The Formation and Maintenance of the
Anti-Lao Government Forces
Department of Political Science
Northern Illinois University
Although the government of the Lao People’s Democratic Republic (LPDR) claims
that there is no internal conflict between the government and the resistance
forces, I learned from my field research in Fresno, California, and in the Twin
Cities, Minnesota, from June 2003 to December 2004 that there has been an
ongoing war between the government and the resistance forces since 1975, and
that the fighting still continues. Utilizing a set of open-ended questions, I
interviewed 23 exiled officials of the Royal Lao Government (RLG) who are
cofounders, leaders, and members of the Democratic Chao Fa Party of Laos (Chao
Fa) and the United Lao National Liberation Front (Neo Hom), the two affiliated
homeland political organizations in America. With the help of these homeland
political organizations, their affiliated resistance forces inside Laos are
still actively resisting the government in the jungles of northern Laos. In
April 2004, BBC journalists Ruhi Hamid and Misha Maltsev, guided by resistance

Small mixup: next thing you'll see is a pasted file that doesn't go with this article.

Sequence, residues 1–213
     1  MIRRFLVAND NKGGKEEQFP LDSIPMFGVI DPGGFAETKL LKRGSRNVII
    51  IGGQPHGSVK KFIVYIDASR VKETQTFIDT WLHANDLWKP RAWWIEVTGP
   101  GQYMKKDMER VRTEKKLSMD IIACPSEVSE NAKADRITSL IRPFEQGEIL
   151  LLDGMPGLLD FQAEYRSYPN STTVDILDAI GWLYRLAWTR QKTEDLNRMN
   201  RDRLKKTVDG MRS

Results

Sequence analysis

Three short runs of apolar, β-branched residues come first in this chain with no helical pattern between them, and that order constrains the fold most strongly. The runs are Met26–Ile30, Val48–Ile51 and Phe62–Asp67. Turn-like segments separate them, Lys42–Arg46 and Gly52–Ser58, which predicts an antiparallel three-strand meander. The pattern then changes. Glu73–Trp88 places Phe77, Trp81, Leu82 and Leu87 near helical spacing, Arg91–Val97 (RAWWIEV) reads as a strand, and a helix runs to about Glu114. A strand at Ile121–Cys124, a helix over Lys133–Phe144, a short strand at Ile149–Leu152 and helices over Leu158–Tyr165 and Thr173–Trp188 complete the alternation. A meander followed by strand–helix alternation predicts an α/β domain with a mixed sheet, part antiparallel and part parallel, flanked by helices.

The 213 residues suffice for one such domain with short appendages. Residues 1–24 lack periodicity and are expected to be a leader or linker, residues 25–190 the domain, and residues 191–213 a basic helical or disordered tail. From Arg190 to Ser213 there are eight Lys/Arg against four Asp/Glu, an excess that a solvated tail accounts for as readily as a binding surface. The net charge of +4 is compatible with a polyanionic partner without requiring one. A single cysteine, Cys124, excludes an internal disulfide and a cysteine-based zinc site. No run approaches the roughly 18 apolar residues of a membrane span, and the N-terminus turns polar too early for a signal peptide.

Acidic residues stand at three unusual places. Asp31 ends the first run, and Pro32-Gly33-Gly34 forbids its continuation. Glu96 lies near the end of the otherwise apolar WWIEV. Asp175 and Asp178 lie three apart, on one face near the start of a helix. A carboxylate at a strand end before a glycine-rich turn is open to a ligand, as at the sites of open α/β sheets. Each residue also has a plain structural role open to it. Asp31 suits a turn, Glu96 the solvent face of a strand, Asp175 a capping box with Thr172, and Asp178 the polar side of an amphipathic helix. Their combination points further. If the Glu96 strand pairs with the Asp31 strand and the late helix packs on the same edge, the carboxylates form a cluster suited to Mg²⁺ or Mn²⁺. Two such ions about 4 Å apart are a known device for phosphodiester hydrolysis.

secret agents, sneaked into the jungles to interview the resistance leaders.
They reported to the Hmong-American, the Lao-American, and the international
communities that, in fact, there is still a war between the government and the
resistance forces. Thus, in contrast to the government claim, this evidence
shows that there is an internal conflict in Laos.
In this presentation, I will discuss the factors that led to the formation and maintenance of these two resistance forces. In 1975, the Pathet Lao seized power and adopted a persecution policy to wipe out former civilian officials and soldiers of the RLG. In counteraction, a group of former Hmong civilian officials and soldiers of the RLG reorganized themselves as Chao Fa to resist this policy. In 1978, Chao Fa was supported by Thailand; in 1979, by China; in the 1980s, by the United States. Fearful that Chao Fa, with the help of this international support, might succeed in overthrowing the Communist government of the LPDR, exiled Lao leaders and Hmong General Vang Pao formed the ULNLF/Neo Hom in 1981 to counteract Chao Fa and then the LPDR, for Vientiane, Neo Hom argues, has been dominated by Hanoi. Organizational goals, intraorganizational interaction, interorganizational networks, and honorific leadership positions essentially explain the survival of these two homeland political organizations. Having explained the leading variables in the formation and maintenance of these two homeland political organizations, I propose a conference of five members, one each from the LPDR, Chao Fa, Neo Hom, the USA, and the UN to address this Lao internal conflict.